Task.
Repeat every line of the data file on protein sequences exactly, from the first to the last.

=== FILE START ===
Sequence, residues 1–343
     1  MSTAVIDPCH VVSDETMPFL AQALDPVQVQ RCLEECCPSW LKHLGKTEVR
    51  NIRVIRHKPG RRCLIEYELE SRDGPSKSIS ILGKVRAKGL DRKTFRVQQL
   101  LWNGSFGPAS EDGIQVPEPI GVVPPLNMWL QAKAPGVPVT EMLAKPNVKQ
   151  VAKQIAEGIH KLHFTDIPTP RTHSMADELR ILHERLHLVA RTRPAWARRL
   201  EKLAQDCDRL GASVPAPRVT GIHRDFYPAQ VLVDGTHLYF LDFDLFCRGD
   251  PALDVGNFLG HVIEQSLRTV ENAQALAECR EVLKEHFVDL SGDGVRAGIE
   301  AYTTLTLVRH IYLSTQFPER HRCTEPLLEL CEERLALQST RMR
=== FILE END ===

Sequence, residues 1–343
     1  MSTAVIDPCH VVSDETMPFL AQALDPVQVQ RCLEECCPSW LKHLGKTEVR
    51  NIRVIRHKPG RRCLIEYELE SRDGPSKSIS ILGKVRAKGL DRKTFRVQQL
   101  LWNGSFGPAS EDGIQVPEPI GVVPPLNMWL QAKAPGVPVT EMLAKPNVKQ
   151  VAKQIAEGIH KLHFTDIPTP RTHSMADELR ILHERLHLVA RTRPAWARRL
   201  EKLAQDCDRL GASVPAPRVT GIHRDFYPAQ VLVDGTHLYF LDFDLFCRGD
   251  PALDVGNFLG HVIEQSLRTV ENAQALAECR EVLKEHFVDL SGDGVRAGIE
   301  AYTTLTLVRH IYLSTQFPER HRCTEPLLEL CEERLALQST RMR